NEW HAVEN - The city's new identification card program, which has drawn criticism because it is open to illegal immigrants, has been much more of a success than officials expected.
New Haven began issuing the ID cards to city residents on July 24, and city leaders estimated that 5,000 of them would be handed out in the first year. But officials say they have already distributed 3,226 cards.
The city also has plans to sign up more people by bringing the ID equipment to churches, community groups and senior centers.
"We are hoping to do some work with the schools, as well," said Kica Matos, New Haven's community services administrator.
The ID cards are believed to be the first in the country specifically designed to bring illegal immigrants out of the shadows and give them access to community services. But they are available to all city residents.
The program was created to help people without state or federally issued IDs open bank accounts and use other services that would otherwise be inaccessible. Supporters say that if immigrants can open bank accounts, they will be less likely to carry large amounts of cash and reduce the chances of getting robbed.
An estimated 10,000 to 12,000 of New Haven's 125,000 residents are believed to be in the country illegally.
Holders of city ID cards can use them as debit cards at nearly 50 businesses in downtown New Haven, as well as at parking meters. They also double as library cards and allow free access to Lighthouse Point Park.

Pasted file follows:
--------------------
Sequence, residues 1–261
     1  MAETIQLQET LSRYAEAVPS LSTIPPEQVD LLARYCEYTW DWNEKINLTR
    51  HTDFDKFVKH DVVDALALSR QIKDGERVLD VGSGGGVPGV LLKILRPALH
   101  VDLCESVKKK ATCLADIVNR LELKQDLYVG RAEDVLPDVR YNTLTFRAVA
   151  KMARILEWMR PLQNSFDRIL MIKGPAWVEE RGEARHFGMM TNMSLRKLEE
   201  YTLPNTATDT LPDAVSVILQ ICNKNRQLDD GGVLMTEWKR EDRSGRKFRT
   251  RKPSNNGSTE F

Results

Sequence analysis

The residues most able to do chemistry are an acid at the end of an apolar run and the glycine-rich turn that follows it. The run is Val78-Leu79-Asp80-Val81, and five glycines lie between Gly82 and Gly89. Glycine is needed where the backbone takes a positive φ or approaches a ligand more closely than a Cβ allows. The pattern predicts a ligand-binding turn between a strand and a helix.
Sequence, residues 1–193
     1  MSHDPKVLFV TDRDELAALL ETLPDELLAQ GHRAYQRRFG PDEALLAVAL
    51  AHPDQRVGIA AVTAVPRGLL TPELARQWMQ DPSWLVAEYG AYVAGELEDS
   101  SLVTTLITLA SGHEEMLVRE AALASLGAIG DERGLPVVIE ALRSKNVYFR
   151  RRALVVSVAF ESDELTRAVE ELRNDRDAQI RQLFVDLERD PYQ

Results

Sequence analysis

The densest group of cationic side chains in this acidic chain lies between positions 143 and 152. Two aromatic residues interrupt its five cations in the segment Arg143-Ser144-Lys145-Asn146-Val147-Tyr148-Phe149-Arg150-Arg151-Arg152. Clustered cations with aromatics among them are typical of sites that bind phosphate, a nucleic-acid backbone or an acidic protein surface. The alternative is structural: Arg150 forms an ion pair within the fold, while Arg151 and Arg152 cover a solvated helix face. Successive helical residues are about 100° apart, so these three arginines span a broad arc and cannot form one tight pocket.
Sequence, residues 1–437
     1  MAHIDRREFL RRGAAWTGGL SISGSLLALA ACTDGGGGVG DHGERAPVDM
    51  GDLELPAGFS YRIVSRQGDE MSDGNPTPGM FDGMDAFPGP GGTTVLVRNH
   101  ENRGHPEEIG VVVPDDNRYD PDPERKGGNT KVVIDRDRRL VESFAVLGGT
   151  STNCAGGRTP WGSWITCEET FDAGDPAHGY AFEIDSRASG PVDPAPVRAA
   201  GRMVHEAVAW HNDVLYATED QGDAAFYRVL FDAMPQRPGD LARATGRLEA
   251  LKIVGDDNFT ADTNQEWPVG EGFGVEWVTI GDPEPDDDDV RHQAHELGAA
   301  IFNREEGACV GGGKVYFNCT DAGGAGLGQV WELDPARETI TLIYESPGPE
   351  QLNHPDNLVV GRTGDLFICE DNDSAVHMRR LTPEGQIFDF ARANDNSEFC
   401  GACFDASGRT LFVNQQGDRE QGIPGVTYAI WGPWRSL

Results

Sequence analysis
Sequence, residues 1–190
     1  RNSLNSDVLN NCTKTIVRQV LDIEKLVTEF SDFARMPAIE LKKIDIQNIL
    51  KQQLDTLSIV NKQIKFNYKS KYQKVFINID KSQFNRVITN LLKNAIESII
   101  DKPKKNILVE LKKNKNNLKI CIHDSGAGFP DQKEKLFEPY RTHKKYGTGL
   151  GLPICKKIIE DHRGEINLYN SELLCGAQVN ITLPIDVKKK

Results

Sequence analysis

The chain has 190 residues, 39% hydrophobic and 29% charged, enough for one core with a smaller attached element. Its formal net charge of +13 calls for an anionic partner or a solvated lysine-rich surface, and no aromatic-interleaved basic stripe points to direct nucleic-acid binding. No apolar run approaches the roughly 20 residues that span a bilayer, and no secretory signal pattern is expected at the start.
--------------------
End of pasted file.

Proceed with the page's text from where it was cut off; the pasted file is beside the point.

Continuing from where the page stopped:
Besides immigrants, the cards are also geared toward senior citizens who may no longer have drivers' licenses, city children and students at Yale University.
City officials and merchants say it is too early in the program to determine how people are using the cards, but they say some of the IDs have been submitted at library branches and coffee shops.
Southern Connecticut Immigration Reform, an organization that opposes the program, has made requests under the state's Freedom of Information laws for the names and addresses of the cardholders, but the city has rejected them. Officials say the requests do not specifically seek city records.
"Connecticut FOIA law does not require that the city supply members of the public with 'names and address' nor does it require that the city provide members of the public with 'information,'" Matos wrote to one of the group's leaders, Ted Pechinski of North Branford.
The city corporation counsel's office is also reviewing a request by Chris Powell, managing editor of the Journal Inquirer of Manchester, for material gathered by the city in issuing the cards and information on recipients.
Reprinted with permission of the Hartford Courant.
To view other stories on this topic, search the Hartford Courant Archives at